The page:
Genome-wide transposon mutagenesis indicates that Mycobacterium marinum customizes its virulence mechanisms for survival and replication in different hosts.

E.M. Weerdenburg, A. Abdallah, F. Rangkuti, M. Abd El Ghany, T.D. Otto, S.A. Adroub, D. Molenaar, R. Ummels, K. Ter Veen, G. van Stempvoort, A.M. van der Sar, S. Ali, G.C. Langridge, N.R. Thomson, A. Pain, W. Bitter

Research output: Contribution to JournalArticleAcademicpeer-review

Abstract

The interaction of environmental bacteria with unicellular eukaryotes is generally considered a major driving force for the evolution of intracellular pathogens, allowing them to survive and replicate in phagocytic cells of vertebrate hosts. To test this hypothesis on a genome-wide level, we determined for the intracellular pathogen Mycobacterium marinum whether it uses conserved strategies to exploit host cells from both protozoan and vertebrate origin. Using transposon-directed insertion site sequencing (TraDIS), we determined differences in genetic requirements for survival and replication in phagocytic cells of organisms from different kingdoms. In line with the general hypothesis, we identified a number of general virulence mechanisms, including the type VII protein secretion system ESX-1, biosynthesis of polyketide lipids, and utilization of sterols. However, we were also able to show that M. marinum contains an even larger set of host-specific virulence determinants, including proteins involved in the modification of surface glycolipids and, surprisingly, the auxiliary proteins of the ESX-1 system. Several of these factors were in fact counterproductive in other hosts. Therefore, M. marinum contains different sets of virulence factors that are tailored for specific hosts. Our data imply that although amoebae could function as a training ground for intracellular pathogens, they do not fully prepare pathogens for crossing species barriers.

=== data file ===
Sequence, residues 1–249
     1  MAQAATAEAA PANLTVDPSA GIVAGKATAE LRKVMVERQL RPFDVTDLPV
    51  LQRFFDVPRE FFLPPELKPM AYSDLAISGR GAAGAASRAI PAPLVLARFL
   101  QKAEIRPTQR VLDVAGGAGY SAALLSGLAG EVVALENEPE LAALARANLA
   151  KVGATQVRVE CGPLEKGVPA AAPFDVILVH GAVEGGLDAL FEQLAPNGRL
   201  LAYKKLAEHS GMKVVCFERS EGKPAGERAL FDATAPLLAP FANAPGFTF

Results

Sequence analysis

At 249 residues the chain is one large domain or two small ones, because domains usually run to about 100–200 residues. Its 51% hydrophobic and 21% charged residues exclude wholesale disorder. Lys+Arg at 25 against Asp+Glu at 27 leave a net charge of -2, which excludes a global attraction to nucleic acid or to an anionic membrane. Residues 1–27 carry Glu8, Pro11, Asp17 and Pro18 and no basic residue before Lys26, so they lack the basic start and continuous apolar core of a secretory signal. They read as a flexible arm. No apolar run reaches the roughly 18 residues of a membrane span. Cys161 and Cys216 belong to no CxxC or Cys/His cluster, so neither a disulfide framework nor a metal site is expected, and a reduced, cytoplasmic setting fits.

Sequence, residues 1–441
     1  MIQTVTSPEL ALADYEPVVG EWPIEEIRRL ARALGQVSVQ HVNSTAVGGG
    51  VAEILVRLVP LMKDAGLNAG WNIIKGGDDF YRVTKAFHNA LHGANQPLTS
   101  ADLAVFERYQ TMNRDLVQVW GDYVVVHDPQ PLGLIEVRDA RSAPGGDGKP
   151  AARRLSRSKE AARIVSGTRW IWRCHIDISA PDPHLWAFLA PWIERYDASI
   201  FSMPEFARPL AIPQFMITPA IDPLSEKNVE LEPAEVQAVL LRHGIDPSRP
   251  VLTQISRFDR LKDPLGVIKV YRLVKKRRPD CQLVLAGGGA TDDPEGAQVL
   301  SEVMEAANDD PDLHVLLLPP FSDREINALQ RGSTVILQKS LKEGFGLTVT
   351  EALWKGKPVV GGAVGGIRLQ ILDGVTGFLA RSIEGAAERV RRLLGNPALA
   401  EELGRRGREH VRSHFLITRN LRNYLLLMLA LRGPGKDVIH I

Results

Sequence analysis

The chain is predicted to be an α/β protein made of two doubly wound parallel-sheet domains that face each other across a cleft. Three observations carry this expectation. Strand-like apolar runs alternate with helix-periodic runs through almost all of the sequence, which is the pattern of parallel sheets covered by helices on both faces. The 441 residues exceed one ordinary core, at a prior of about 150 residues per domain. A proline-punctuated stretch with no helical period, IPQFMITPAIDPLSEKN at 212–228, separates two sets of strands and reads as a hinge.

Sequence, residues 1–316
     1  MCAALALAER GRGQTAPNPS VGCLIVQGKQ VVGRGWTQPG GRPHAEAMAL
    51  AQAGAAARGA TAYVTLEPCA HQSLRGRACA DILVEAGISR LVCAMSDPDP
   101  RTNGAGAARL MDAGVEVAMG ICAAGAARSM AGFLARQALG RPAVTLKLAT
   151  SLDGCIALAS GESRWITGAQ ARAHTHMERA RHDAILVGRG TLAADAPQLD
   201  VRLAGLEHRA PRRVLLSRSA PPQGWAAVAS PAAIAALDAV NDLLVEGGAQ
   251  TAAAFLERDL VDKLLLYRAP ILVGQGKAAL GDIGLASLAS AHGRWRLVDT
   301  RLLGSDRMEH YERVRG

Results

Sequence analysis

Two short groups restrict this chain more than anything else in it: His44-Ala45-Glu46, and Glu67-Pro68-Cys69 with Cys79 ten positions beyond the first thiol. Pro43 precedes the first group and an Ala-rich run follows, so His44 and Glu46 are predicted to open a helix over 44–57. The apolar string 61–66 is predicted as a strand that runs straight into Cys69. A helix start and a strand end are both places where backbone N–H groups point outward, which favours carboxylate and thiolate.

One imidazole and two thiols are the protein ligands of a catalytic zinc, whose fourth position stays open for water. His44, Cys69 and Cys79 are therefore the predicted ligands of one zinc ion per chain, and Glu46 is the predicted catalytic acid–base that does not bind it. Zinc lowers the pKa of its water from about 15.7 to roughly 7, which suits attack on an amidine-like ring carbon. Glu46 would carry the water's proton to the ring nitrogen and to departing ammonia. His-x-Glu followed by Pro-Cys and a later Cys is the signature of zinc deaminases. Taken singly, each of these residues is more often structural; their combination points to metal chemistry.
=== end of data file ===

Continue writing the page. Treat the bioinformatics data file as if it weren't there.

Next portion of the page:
Original languageEnglish
Article number5
Pages (from-to)1778-1788
JournalInfection and Immunity
Issue number83
DOIs
Publication statusPublished - 2015

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Mycobacterium marinum
Mutagenesis
Virulence
Genome
Phagocytes
Vertebrates
Polyketides
Amoeba
Glycolipids
Virulence Factors
Sterols
Eukaryota
Proteins
Bacteria
Lipids

Cite this

Weerdenburg, E.M. ; Abdallah, A. ; Rangkuti, F. ; Abd El Ghany, M. ; Otto, T.D. ; Adroub, S.A. ; Molenaar, D. ; Ummels, R. ; Ter Veen, K. ; van Stempvoort, G. ; van der Sar, A.M. ; Ali, S. ; Langridge, G.C. ; Thomson, N.R. ; Pain, A. ; Bitter, W. / Genome-wide transposon mutagenesis indicates that Mycobacterium marinum customizes its virulence mechanisms for survival and replication in different hosts. In: Infection and Immunity. 2015 ; No. 83. pp. 1778-1788.
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abstract = "The interaction of environmental bacteria with unicellular eukaryotes is generally considered a major driving force for the evolution of intracellular pathogens, allowing them to survive and replicate in phagocytic cells of vertebrate hosts. To test this hypothesis on a genome-wide level, we determined for the intracellular pathogen Mycobacterium marinum whether it uses conserved strategies to exploit host cells from both protozoan and vertebrate origin. Using transposon-directed insertion site sequencing (TraDIS), we determined differences in genetic requirements for survival and replication in phagocytic cells of organisms from different kingdoms. In line with the general hypothesis, we identified a number of general virulence mechanisms, including the type VII protein secretion system ESX-1, biosynthesis of polyketide lipids, and utilization of sterols. However, we were also able to show that M. marinum contains an even larger set of host-specific virulence determinants, including proteins involved in the modification of surface glycolipids and, surprisingly, the auxiliary proteins of the ESX-1 system. Several of these factors were in fact counterproductive in other hosts. Therefore, M. marinum contains different sets of virulence factors that are tailored for specific hosts. Our data imply that although amoebae could function as a training ground for intracellular pathogens, they do not fully prepare pathogens for crossing species barriers.",
author = "E.M. Weerdenburg and A. Abdallah and F. Rangkuti and {Abd El Ghany}, M. and T.D. Otto and S.A. Adroub and D. Molenaar and R. Ummels and {Ter Veen}, K. and {van Stempvoort}, G. and {van der Sar}, A.M. and S. Ali and G.C. Langridge and N.R. Thomson and A. Pain and W. Bitter",